Paying Homage to Saint Patrick

img037crop sized

IMG_3443 sized

     So glad you could come to my Saint Patty’s tea!  For this mid-morning extravaganza, I’ve brewed a pot of Barry’s Irish Breakfast tea, and made some special treats just for you.  Enjoy the Irish harps I have playing on the stereo while I pour the tea.

IMG_3427crop sized

Did you know there’s more to St. Patty’s Day than wearing green, pinching or socking each other, and tinting rivers (or beer) artificial colors?  Have you ever heard of the real Saint Patrick?

He started life in Roman Britain, way back before 400 AD. Raised in a Christian family, he himself had no personal faith.  As a young teen, Patrick was abducted from his homeland and sold as a slave in then pagan Ireland, where he saw his situation as punishment from God for his prior unbelief.  He wrote of this time in The Confession.

IMG_3464crop sized

Through his trials, according to Rev. Brady, the Roman Catholic Archbishop of Armagh and Primate of All of Ireland, Patrick “Came to know another God — God the Father, who was his protector.  He came to know Jesus Christ in those sufferings, and he came to be united with Christ and he came to identify with Christ, and then of course, also the Holy Spirit.”

IMG_3400 sized

Amazingly, after hearing a voice in the middle of the night telling him that his ship awaited, Patrick escaped slavery and returned home.  He applied himself to study and, in a dream, was called back to Ireland.  The young man struggled with returning to a land where he’d been cruelly enslaved and where the people worshipped multiple gods.  After a second dream, confirming his calling, he returned to Ireland and faced off against Druid priests, ultimately winning Ireland for Christ.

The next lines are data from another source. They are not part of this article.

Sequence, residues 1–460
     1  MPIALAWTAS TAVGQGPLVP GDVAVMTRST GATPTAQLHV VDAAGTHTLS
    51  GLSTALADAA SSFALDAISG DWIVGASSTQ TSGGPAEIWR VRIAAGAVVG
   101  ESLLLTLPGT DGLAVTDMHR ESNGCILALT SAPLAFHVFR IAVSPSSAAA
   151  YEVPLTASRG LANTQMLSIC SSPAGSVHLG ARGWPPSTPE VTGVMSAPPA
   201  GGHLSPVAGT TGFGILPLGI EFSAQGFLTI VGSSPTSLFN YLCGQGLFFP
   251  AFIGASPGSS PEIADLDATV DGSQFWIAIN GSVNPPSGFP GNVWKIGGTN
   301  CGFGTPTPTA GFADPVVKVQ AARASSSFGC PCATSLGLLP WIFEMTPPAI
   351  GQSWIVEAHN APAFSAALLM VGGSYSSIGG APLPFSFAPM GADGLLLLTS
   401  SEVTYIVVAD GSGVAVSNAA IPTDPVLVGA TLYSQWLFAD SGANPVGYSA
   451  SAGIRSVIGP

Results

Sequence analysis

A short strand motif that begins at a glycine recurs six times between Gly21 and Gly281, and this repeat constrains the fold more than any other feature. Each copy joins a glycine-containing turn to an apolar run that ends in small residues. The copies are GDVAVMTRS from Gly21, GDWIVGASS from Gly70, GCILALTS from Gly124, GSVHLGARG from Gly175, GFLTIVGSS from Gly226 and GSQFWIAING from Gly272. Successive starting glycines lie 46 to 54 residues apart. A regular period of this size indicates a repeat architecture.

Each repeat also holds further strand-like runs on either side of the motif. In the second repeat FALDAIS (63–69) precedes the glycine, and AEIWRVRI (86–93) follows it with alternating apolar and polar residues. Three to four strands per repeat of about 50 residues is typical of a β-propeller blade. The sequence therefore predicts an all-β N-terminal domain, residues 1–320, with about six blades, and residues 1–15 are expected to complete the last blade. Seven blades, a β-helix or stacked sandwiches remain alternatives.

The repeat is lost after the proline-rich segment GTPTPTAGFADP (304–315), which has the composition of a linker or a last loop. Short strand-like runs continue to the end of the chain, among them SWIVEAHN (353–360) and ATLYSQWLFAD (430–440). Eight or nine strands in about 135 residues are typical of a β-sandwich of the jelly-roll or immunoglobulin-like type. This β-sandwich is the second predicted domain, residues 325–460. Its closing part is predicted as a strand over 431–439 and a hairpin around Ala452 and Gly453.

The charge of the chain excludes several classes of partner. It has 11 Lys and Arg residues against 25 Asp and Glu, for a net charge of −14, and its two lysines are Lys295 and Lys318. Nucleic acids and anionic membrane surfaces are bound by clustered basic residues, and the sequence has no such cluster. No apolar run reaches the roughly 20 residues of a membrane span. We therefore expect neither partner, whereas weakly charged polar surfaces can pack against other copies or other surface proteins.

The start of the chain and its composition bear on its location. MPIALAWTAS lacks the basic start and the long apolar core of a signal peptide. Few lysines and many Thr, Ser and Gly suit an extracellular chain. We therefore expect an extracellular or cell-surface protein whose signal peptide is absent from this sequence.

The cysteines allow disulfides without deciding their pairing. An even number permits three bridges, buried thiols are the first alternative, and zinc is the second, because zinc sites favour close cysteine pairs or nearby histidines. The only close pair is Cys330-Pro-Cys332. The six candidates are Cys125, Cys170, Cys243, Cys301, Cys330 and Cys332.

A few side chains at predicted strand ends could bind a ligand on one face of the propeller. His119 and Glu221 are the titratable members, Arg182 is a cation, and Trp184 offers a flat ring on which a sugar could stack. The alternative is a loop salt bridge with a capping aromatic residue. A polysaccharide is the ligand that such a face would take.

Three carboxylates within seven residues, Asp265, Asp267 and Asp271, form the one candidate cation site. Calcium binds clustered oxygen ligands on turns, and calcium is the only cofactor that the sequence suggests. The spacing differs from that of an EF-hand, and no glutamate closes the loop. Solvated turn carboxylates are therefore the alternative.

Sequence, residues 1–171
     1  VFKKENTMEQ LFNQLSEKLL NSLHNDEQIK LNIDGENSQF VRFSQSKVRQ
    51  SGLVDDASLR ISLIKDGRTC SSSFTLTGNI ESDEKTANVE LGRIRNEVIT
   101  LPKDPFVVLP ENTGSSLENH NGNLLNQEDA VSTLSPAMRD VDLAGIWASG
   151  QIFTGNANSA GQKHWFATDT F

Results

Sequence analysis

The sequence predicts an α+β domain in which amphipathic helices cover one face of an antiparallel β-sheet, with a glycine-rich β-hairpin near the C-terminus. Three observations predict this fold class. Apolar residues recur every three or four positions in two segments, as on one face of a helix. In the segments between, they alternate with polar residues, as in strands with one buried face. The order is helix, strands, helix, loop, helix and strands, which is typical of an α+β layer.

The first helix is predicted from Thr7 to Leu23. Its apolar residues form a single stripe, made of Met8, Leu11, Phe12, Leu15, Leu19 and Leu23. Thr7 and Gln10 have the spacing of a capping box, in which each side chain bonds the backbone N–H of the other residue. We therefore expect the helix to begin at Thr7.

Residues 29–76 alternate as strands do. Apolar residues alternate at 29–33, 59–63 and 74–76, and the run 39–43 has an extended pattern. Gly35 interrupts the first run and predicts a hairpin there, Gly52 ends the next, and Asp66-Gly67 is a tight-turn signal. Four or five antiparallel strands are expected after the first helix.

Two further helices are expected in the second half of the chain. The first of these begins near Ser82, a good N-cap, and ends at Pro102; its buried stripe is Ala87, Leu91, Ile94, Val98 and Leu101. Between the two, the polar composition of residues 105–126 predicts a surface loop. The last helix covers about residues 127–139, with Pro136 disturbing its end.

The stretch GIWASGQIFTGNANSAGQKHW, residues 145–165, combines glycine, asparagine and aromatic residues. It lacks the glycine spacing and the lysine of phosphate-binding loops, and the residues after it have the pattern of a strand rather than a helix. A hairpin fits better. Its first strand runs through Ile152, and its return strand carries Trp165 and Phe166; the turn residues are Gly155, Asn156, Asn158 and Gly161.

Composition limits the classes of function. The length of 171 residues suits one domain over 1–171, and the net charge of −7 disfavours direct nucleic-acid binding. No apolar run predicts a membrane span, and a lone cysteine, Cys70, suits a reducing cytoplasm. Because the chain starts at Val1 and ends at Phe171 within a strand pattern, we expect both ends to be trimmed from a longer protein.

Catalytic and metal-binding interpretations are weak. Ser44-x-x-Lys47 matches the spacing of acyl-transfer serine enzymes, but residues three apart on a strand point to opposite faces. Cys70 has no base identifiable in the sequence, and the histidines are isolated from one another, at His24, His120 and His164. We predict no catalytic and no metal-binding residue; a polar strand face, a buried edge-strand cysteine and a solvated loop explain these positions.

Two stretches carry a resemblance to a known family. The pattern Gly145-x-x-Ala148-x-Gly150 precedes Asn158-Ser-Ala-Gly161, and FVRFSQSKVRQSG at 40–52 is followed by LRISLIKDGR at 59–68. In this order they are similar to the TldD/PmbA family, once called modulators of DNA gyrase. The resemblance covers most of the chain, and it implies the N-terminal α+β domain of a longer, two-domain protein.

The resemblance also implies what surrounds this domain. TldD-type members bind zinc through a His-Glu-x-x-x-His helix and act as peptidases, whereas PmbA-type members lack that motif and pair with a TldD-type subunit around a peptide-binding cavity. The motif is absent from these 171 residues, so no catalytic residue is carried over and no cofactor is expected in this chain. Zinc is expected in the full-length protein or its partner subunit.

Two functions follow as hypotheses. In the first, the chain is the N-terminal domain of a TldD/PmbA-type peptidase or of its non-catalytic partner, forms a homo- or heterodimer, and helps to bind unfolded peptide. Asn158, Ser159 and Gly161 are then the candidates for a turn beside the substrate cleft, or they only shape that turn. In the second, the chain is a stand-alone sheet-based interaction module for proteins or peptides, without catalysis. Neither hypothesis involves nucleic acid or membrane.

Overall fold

IMG_3411 sized   IMG_3470crop sized2

Legend holds that he used a three leaf clover to help explain the trinity to the Irish.  That may be why we still hold the shamrock as a symbol of the holiday.  Patrick preached the Gospel for 29 years in Ireland, baptized 120,000 people and started over 300 churches.  No one knows where the saint is buried.

IMG_3398 sized

It’s hard to imagine the obedience of this man, returning to possible death, torture, and slavery to tell those who had mistreated him about Christ!  We celebrate his bravery today on March 17, Saint Patrick’s Day.

IMG_3399 sized   IMG_3475 sized

As a child, this holiday caused me much stress.  For some reason, I never owned any green clothing.  So, I would be dodging pinches all day at school.  If someone nipped you and it turned out you did sport a bit of green, you were allowed to sock them!  I wonder if this is still allowed in our current age of political correctness.  Did any of you ever have to run the gauntlet?  The class would form two lines.  The birthday child had to run down the middle, braving punches from everyone else!  I have met several adults who remember this tradition.

img063croppy sized
img032crop2 sized
img063croppy sized